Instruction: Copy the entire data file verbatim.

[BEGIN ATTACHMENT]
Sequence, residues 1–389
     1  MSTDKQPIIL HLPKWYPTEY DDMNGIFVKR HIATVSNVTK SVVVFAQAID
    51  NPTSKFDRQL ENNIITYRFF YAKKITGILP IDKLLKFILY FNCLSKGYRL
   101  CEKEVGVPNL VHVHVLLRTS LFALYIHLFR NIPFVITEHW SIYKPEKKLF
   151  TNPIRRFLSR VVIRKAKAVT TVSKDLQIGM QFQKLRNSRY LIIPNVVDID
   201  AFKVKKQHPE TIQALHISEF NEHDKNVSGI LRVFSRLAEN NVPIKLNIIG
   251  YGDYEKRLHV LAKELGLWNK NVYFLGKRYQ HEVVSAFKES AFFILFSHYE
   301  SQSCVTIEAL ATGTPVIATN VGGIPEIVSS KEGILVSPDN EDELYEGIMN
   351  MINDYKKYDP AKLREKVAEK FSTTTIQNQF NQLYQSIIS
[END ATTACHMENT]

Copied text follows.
Sequence, residues 1–389
     1  MSTDKQPIIL HLPKWYPTEY DDMNGIFVKR HIATVSNVTK SVVVFAQAID
    51  NPTSKFDRQL ENNIITYRFF YAKKITGILP IDKLLKFILY FNCLSKGYRL
   101  CEKEVGVPNL VHVHVLLRTS LFALYIHLFR NIPFVITEHW SIYKPEKKLF
   151  TNPIRRFLSR VVIRKAKAVT TVSKDLQIGM QFQKLRNSRY LIIPNVVDID
   201  AFKVKKQHPE TIQALHISEF NEHDKNVSGI LRVFSRLAEN NVPIKLNIIG
   251  YGDYEKRLHV LAKELGLWNK NVYFLGKRYQ HEVVSAFKES AFFILFSHYE
   301  SQSCVTIEAL ATGTPVIATN VGGIPEIVSS KEGILVSPDN EDELYEGIMN
   351  MINDYKKYDP AKLREKVAEK FSTTTIQNQF NQLYQSIIS